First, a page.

Show 207 – Composing with Dave Chick and more!

This week we catch up with Dave Chick and talk about creating music for film.
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13 thoughts on “Show 207 – Composing with Dave Chick and more!

  1. Jon & Ryan,

    Thanks again for having me on. Always a blast chatting with you guys. I’ll have to listen to the show when I get a chance – hope the audio came through alright. The Skype feed was a bit flaky on my end and I thought ai’d lost you a couple of times…

    Show must go on!

    Cheers and thanks again!

    Dave

  2. dear jon & ryan,
    Awesome show as always! I have a question about Power. I know how important you guys stress clean power is, so what’s the first steps i should take in cleaning up my power? My monitors, computer, and all my outboard gear is plugged in to generic surge protectors, i don’t know if i need to invest in some power furman power conditioners, or power strips or what? The internet seems to have a hundred opinions
    on the topic, so I thought I’d run it past you guys.
    thanks,
    Marcus

  3. hey guys, awesome show.

    I was getting a few hints of audio engineering horror stories (such as re-scoring all that movie soundtrack) and i was interested in more stories like that. i recently finished the audio book “Daily adventures of Mixerman” which is essentially a music industry war story and it kept me very entertained. maybe you guys could do short piece of the worst and painful experiences while doing your job. I work live events as my main source of income and I of course have a few if my own.

    on a side note, ive been using REAPER since it was a baby around version 1.3-ish. im happy you endorse it. it makes me feel like im not alone in the DAW jungle.

  4. Jon & Ryan,

    It sucks to hear that the purchases made through Amazon.de and Amazon.co.uk would not contribute to the show, I have just made a donation through PayPal.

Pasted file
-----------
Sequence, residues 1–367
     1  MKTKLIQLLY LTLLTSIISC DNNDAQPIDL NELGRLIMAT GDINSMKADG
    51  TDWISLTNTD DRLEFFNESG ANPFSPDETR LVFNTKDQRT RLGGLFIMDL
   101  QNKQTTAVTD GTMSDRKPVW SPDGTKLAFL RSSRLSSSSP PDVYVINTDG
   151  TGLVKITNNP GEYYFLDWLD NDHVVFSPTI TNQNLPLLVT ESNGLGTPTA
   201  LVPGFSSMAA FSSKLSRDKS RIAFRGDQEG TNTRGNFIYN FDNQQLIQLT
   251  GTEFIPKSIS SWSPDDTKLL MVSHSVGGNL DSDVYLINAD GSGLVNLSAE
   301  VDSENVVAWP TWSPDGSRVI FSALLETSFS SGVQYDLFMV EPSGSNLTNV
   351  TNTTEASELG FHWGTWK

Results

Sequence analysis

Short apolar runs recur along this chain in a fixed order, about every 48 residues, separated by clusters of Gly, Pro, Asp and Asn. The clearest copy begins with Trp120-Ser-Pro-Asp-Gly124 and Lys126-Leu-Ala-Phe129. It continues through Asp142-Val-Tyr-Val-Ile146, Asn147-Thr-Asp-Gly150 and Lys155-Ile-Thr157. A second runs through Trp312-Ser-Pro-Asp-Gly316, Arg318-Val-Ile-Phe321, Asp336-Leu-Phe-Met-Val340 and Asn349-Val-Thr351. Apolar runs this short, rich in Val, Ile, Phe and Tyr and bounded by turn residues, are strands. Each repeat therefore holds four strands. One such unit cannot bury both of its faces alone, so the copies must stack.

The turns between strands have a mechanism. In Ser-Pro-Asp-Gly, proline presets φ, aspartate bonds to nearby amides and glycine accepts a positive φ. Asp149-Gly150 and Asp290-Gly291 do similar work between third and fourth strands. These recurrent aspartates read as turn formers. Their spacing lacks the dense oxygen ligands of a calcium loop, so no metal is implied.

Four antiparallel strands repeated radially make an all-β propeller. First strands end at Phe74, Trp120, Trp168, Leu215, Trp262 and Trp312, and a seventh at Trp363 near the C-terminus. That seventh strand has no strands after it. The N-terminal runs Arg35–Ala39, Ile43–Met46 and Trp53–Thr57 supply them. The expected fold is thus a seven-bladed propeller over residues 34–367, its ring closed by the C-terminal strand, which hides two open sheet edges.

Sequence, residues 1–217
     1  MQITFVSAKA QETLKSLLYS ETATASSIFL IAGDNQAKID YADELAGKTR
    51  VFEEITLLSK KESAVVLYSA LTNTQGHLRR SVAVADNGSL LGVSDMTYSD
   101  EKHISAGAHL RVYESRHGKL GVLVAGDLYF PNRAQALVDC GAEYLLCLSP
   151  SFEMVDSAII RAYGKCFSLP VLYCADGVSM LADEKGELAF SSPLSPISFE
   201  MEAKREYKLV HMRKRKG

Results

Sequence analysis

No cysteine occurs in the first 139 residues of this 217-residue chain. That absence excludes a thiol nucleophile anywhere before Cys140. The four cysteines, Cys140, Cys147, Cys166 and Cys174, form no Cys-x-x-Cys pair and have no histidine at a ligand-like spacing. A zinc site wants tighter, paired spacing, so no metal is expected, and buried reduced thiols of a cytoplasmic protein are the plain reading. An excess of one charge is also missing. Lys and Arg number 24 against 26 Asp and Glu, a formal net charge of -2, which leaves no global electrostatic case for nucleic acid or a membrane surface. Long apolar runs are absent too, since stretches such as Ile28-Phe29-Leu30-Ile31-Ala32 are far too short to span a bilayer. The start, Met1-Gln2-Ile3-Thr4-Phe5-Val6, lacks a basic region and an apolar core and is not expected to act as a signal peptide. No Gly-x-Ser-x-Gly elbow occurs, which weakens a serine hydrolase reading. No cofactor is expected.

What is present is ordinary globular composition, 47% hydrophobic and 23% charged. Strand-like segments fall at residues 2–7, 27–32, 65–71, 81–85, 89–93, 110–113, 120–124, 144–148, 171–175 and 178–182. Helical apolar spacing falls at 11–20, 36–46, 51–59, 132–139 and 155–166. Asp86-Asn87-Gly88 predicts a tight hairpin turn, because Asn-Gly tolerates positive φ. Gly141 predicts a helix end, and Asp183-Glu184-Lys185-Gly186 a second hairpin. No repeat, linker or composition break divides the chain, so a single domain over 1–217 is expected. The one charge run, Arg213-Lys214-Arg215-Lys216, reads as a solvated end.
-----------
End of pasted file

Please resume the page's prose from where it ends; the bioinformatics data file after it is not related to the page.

Thanks for the links and the information offered during the last episode, this will definitely help me to achieve better results while mixing.
    The next step is to try to explain to my girlfriend why investing in an APEX 460 mod would be so beneficial to our relationship and to find a way to justify having my house full of sawdust while trying to build a quadratic diffuser 🙂

    Thanks again,

    Sebastian

  5. Hey guys,

    Every time I hear Jon talk about timing correction I get a little … how you say … concerned. Now I know Jon and I know that he knows what he’s doing but I worry about others taking that advice too literally and blindly adhering to the grid and ending up with stiff and lifeless results.

    An extreme illustration can be found here: http://rhythminmind.net/1313/?p=4340
    (where the author has a rant and drum tracks that he’s recorded and then quantized for your horrific pleasure)

    Sorry that I couldn’t limit that to one sentence 🙂

  6. I had heard that story about Frank Wright putting down the phone and laying it down on paper in a few hours. As a furniture designer/maker, I can totally relate to coming up with the best stuff sometimes when under the pressure of a looming deadline, or even having to be spontaneously brilliant to pay the bills.

    But, how about this… It was the early 1990’s, I was pulling in the driveway of a new client with the meticulous drawings for a simple audio stand to house his high end audio equipment. As I pulled in, I turned off my crappy car stereo which was playing a track from Van Halen’s 5150 album. As I walked up to his house, I realized that I hadn’t decided on how much to charge for a pretty straight forward piece that would usually go for ~$2K, but at the same time, knowing the money he spent on his gear… I was in flux.